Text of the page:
The dreaded blight of cellulite is so common in our modern society that it's almost regarded as a requisite of femaleness. And yet, the anti-cellulite industry thrives on the widespread desire for taut thighs and a dimple-free derriere.
In spite of the billions of dollars we spend on anti-cellulite treatments each year, little consensus exists as to what causes the condition in the first place. Since launching my global cellulite investigation (I have, ahem, personal reasons...), I've uncovered four competing theories that continually arise in the literature.
Theory #1: Cellulite is fat.
There's no shortage of cellulite experts who claim cellulite is fat, plain and simple. In the seventies, shortly after the term first gained acceptance in the American lexicon, medical researchers often referred to the condition as "so-called cellulite" since they saw little point in differentiating it from good ol' fashioned fat.
The logical treatment option, according to the fat theory of cellulite, is to lose weight. If cellulite is fat, losing weight is bound to result in a decrease in cellulite. Sounds reasonable, right? The only problem is, a lot of skinny women have cellulite while a lot of bigger women are cellulite-free. This is when cellulite theory #2 usually comes into play.
Theory #2: Cellulite is genetic.
The genetic theory is often referenced but rarely explained. What are the genetic factors that lead to cellulite? Some say the thickness of the skin is genetic. One dermatologist claims she can predict cellulite from birth depending on the number of collagen fibers found in a biopsy of the infant's skin (although, with ninety percent of women suffering from cellulite, the odds are stacked in her favor).
Proponents of the genetic theory of cellulite say there isn't much women can do to treat the condition. Cellulite is part of being a woman, so embrace your curves and be happy. Not a bad point. And yet...
Theory #3: Cellulite is caused by hormonal imbalance.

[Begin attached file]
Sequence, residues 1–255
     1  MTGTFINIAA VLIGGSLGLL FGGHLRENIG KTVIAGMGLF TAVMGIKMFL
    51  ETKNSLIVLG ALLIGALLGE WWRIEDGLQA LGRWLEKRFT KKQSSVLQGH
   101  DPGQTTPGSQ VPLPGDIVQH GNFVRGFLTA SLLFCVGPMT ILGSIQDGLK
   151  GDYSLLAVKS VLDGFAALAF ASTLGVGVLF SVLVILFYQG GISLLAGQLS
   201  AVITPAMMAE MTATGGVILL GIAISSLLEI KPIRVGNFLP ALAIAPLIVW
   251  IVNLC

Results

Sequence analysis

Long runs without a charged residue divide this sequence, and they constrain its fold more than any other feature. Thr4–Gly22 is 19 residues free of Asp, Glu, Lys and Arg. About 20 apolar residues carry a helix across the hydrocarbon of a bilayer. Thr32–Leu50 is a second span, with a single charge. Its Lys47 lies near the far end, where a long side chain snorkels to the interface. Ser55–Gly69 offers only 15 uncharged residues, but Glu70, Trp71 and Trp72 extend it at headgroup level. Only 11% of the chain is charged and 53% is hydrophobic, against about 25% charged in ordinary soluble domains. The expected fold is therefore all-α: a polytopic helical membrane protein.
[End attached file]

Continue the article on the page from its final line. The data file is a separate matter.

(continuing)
The link between cellulite and estrogen is well documented. Many women notice a change in their cellulite while pregnant or breastfeeding (some even notice a chance for the better!). Men rarely experience cellulite unless they are in an estrogen-dominant state, such as when they are receiving estrogen therapy for prostate cancer.1
If you subscribe to the estrogen theory of cellulite, the best cellulite treatment is obvious: hormonal balance. How to go about achieving hormonal balance is a much more difficult question, but one that deserves our attention.
Theory #4: Cellulite is a symptom of a sluggish lymphatic system.
The lymph theory of cellulite is commonly acknowledged in alternative health care circles. The lymphatic system is often referred to as "the secondary circulatory system," even though the human body contains twice as much lymph as it does blood. While blood carries oxygen and other nutrients to our cells, lymph is responsible for carrying away the metabolic debris. It also carries away bacteria, toxins, and other substances that aren't assimilated into the body. According to the lymph theory of cellulite, the lymphatic system grows sluggish when overwhelmed with too much waste matter and stores the extra material in fat deposits underneath the skin. This lymphatic congestion is what leads to cellulite.
If the lymph theory of cellulite is true, it opens up a range of cellulite treatment options. Any treatment or exercise that fosters healthy lymphatic flow is likely to have an effect on cellulite. Diet becomes especially important since this is the raw material that will eventually be transported through the lymphatic vessels.
These are the four theories of cellulite we've come across in our investigation thus far. Are we missing any? Which theory resonates most with your Cellulite Story?